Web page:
This crowd knew the old songs, unlike the two shows in Philadelphia. Maybe because this was a crowd who'd grown up with old U2 in the backs of their minds. U2 while they were just Ireland's. "Electric Co" got a great reception and it had the "Until the End of the World" moment in that Bono and Edge came out to the farther b-stage and circled each other like two boxers in a ring sizing each other up. The place was a madhouse. From Dublin boys to Rock Gods. Their former selves wake up and walk around inside them at shows in Ireland. Especially this one right in Dublin City.

It's an odd thing, and a maddening one. I remember the before and afters of the shows more than the shows themselves. Almost like it's easier to see and remember things that aren't as blinding. I don't know why and it infuriates me. I got the setlist on this page from U2Tours.com. If you had asked me after the show what they played, I'd be able to guess at a few songs since I know they play certain songs, not like I necessarily remember. It's infuriating. So, here, I'll have to focus on what I remember not on what I know they did.

Bono sang a great version of "Who's Gonna Ride Your Wild Horses" on the other B-stage with his back to the stadium. It was like he was singing to the band. It was then or nearly then when the Irish fan i was with poked my elbow and said, "Look, the train's stopped." There's a corner of Croke Park that the elevated railway rides right past. Trains stop during GAA matches, I've been told, so the passengers could take a peek in during the match. Here, the train was stopped so the people on the train could watch a little slice of the U2 concert. This would only happen in Ireland... where there are no U2 fans but trains stop on their routes so people can see a little nugget of the U2 concert. You know you're in Ireland when. Part of me wishes I could have transferred myself to that train for the few minutes it was there and witness the scene inside.

Bono was back on the stage right before "Miracle Drug", I think, when he spotted a sign over the railing on the top level. He said, "Bruce, light that up there so I can read it." The spotlights are manned by actual human beings. I thought they were automated for some reason. And then he read the sign into the mike, "See you in Rome." And then he said, "Ah, Roma." The Italian guys went nuts. They started fist-pumping, jumping up and down, kissing each other, and chanting "Roma! Italia!" And then Bono did something Bono does. He went into this monolouge of interconnected stream of consciousness that linked Rome, the Spanish Steps, Keats, poets and into "Miracle Drug". I may be wrong if that was the next song. I'll have to listen to the boot. But that's the next thing I remember.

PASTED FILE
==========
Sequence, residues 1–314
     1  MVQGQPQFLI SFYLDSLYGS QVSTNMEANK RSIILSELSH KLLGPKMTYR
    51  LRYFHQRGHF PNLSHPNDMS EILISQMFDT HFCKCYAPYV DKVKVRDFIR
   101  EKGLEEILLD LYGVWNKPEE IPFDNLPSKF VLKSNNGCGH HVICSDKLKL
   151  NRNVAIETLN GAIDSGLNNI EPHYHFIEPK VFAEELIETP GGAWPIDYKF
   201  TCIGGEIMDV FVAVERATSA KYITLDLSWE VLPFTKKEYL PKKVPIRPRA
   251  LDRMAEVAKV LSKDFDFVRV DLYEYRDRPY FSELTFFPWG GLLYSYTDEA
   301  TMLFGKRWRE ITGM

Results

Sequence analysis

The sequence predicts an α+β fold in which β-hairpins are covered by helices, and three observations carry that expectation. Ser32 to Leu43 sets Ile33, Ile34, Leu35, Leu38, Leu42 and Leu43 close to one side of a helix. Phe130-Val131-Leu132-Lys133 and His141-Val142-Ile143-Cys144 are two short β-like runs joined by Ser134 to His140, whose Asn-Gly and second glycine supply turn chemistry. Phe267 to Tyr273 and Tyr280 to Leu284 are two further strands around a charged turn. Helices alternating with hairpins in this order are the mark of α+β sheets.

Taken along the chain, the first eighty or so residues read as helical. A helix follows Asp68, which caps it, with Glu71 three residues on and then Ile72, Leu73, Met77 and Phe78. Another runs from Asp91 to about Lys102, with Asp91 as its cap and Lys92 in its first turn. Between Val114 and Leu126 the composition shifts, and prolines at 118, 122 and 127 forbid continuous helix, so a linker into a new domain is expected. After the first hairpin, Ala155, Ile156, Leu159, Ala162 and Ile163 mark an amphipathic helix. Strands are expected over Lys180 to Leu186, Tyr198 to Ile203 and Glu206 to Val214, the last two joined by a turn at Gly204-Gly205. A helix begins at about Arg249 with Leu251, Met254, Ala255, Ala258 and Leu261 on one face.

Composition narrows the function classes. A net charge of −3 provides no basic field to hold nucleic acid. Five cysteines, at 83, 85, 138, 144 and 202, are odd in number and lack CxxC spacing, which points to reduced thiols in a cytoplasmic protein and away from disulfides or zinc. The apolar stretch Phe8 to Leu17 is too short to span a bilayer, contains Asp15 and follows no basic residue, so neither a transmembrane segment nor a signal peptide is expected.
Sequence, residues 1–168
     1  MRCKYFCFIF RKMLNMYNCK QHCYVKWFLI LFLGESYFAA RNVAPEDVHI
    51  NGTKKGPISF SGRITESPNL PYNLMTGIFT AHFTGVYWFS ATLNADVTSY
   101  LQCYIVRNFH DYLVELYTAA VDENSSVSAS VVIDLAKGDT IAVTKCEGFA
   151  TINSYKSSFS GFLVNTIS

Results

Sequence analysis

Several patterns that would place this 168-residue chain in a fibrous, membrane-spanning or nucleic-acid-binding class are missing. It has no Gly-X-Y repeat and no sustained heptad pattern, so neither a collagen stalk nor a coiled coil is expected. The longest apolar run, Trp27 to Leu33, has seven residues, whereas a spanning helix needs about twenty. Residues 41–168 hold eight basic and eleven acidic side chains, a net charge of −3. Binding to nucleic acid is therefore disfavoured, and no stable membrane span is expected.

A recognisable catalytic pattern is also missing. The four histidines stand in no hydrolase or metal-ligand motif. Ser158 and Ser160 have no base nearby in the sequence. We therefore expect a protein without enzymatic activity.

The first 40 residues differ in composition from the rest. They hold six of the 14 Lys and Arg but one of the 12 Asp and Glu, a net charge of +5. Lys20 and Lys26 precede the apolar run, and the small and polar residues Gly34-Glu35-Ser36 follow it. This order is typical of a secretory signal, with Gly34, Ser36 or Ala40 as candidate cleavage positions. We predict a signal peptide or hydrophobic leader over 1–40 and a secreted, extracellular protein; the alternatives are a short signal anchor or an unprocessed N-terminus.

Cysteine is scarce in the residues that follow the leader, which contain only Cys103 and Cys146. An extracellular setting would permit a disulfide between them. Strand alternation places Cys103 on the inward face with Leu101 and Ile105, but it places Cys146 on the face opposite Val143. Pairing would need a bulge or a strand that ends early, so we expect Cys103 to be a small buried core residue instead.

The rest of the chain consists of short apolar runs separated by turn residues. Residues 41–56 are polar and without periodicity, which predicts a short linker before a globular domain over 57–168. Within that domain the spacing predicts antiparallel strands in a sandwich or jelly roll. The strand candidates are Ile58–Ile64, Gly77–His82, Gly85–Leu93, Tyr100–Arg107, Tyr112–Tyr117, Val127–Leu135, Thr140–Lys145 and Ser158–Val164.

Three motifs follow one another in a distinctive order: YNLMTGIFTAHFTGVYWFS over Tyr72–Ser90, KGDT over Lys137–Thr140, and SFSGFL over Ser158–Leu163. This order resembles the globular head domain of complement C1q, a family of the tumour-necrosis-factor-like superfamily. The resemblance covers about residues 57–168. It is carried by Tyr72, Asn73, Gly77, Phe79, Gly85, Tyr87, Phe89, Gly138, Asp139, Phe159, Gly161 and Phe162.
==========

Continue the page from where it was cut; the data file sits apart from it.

When the album first came out, "Miracle Drug" was one of the songs I didn't love. Actually, I almost didn't like it. But that was before Bono said this song was for the "scientists, the doctors, and the nurses who work to keep us alive. Especially the nurses." He went on to thank some reps from Crumlin children's hospital. While he did that, I knew some kind of dam was going to burst someplace. I was either going to laugh or cry. I don't cry, so I started laughing. My friend turned around and asked if I was okay. I said yes, but I was overwhelmed. I've never been so overcome or felt so appreciated as I did then. He didn't have to say that. He didn't have to take notice from amid all the spotlights and cameras and microphones. He knows and appreciates. I have never felt more welcome. Oddly, there had been some kind of appreciation week at work shortly before then, but it was hear in a rainy, sweaty, loud pitch in Ireland with words not directed solely at me, that I felt it. I have never loved that song more and the EKG that keeps time with the music and then flips out during the chorus is the most perfect marriage of song and visual that I have ever seen. I felt tempted to take a quick Quicktime movie of it with my camera. But I couldn't rationalize or act just then. I'll have to hope one of those European concerts makes it to DVD because I loved it so much beyond music, or leather, or song. And then the EKG line goes flat and Bono took off his glasses and started coming down our ramp and telling us about his father and how this next song was for him. "Sometimes You Can't Make it on Your Own". It was the first time during the show that we were seeing him this close.